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Prince Harry accused of trimming a photo of an elephant with a rope around his leg



Prince Harry found himself in hot water and was accused of cropping a photograph of an elephant who was taken on an African tour to hide his tether around his foot on Instagram.

The picture was sent to the @sussexroyal account of the Duke and Duchess of Sussex to celebrate Earth Day last week.

The image shows a man touching the tusk of an elephant that is visible except his hind legs.

However, the original appearance, which appears in a 2016 press release from Kensington Palace on Harry's trip to Malawi, shows a wider image representing an elephant's tied back leg.

On Instagram, the title refers to Harry's project, which was designed to relocate hundreds of elephants to protected parks, despite the fact that the animals were reassured and tethered, as reported in the press release.

That is: “When a fenced area passes through its capacity for elephants, it begins to interfere with farmland, causing community disputes.

"Here, @AfricanParksNetwork has moved 500 elephants to another park in Malawi to reduce pressure on human wildlife conflict and create more dispersed tourism."

The Duke was now criticized for having concealed the whole truth on the social media platform when he decided to trim the rope from his Earth Day post.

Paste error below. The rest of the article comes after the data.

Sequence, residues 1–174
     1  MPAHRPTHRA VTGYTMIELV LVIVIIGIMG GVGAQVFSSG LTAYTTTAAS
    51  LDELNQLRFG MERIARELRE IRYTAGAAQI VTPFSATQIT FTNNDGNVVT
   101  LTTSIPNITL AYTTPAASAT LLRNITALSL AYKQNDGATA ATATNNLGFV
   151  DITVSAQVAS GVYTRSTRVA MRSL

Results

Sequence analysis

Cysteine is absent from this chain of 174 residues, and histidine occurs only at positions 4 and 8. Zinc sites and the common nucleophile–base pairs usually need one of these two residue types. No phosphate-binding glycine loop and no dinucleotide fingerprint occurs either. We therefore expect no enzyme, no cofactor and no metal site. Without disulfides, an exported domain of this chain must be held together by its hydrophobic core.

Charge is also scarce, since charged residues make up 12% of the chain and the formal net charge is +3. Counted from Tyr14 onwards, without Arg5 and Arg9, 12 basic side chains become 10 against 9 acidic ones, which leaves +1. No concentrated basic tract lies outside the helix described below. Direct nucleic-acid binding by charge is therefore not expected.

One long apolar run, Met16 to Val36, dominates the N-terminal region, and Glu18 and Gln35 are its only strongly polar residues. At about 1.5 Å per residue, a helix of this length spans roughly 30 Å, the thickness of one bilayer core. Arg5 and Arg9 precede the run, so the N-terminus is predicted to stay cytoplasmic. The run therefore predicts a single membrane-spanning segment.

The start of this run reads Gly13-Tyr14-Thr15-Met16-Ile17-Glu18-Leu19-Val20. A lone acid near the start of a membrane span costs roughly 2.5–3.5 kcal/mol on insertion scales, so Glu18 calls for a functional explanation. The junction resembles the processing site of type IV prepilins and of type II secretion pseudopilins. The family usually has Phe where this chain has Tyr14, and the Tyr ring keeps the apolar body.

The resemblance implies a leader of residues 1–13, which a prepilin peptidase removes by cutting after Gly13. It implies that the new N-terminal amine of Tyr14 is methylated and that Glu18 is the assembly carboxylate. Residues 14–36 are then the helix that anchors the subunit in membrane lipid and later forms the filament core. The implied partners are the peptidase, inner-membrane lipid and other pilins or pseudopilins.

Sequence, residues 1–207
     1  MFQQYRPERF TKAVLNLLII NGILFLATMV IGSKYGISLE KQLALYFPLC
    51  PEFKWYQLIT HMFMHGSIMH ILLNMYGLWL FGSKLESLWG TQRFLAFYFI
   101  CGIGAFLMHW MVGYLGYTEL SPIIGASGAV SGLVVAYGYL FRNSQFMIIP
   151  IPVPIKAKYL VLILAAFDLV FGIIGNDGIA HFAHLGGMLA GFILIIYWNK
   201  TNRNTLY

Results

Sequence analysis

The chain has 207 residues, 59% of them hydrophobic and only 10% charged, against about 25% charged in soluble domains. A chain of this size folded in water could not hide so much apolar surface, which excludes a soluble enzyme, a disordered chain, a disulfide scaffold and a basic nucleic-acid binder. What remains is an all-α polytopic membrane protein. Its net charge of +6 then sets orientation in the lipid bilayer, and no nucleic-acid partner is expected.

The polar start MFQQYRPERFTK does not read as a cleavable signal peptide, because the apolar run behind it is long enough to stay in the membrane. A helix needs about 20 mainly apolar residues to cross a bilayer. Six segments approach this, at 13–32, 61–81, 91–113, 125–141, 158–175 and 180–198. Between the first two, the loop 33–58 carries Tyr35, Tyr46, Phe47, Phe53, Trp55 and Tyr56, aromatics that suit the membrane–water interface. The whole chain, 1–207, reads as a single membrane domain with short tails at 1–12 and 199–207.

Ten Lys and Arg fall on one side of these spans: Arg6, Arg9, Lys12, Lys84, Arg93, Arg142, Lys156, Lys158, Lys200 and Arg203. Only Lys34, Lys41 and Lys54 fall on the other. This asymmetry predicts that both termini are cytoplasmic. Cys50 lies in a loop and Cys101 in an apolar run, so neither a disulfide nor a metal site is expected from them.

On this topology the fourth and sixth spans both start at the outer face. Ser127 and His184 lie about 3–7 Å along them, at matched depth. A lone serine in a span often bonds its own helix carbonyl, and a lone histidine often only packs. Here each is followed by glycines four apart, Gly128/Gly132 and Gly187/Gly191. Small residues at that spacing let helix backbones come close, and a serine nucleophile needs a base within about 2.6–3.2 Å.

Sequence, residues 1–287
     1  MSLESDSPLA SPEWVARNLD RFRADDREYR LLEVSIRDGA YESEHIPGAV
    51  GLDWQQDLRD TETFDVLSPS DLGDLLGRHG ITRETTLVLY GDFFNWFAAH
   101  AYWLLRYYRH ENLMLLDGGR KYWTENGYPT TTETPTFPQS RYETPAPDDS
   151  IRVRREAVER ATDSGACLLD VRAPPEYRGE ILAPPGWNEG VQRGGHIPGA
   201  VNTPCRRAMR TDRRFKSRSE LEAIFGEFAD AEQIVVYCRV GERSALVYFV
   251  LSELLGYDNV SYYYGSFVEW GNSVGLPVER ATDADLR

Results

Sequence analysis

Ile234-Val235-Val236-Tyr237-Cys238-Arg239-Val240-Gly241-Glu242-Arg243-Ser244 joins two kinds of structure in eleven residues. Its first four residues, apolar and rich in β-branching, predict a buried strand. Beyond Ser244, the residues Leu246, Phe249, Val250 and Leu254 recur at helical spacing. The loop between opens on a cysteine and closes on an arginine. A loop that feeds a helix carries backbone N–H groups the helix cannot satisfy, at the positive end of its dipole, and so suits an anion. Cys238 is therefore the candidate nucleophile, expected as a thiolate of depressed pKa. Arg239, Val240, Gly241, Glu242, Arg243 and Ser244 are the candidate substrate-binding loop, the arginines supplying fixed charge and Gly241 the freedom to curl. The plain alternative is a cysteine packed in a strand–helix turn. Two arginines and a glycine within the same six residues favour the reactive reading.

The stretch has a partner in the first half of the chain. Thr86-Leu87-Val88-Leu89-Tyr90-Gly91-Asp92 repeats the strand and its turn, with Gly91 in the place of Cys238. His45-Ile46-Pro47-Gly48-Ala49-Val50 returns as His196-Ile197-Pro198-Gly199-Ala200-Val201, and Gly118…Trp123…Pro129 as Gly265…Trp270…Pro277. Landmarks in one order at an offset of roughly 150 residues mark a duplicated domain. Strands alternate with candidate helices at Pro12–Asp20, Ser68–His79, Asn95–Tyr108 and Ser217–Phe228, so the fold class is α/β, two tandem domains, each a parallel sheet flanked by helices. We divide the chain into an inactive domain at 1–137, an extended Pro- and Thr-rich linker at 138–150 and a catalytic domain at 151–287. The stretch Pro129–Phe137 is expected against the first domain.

Wildlife Photographer Christiaan Kotze told Mail Online: "He (Harry) is at the front and has access that few people, including professional photographers, ever want to have a dream.

"If it's really his best shots, he didn't take the opportunity to the full."

He said about the visit in 2016, the prince said, "This young man fought the drug and headed for the trees, which would make it difficult for us to get him into the car.

"This great bull (male) elephant refused to lie down after being knocked out by a soothing remedy. After about seven minutes, the drug began to manifest itself and the elephant became semi-comatose, but kept stirring for a while. "

According to UK UK station UK, the image has not been "intentionally cropped and has been widely shared since 2016".

This article originally appeared on the Sun and was reproduced with permission


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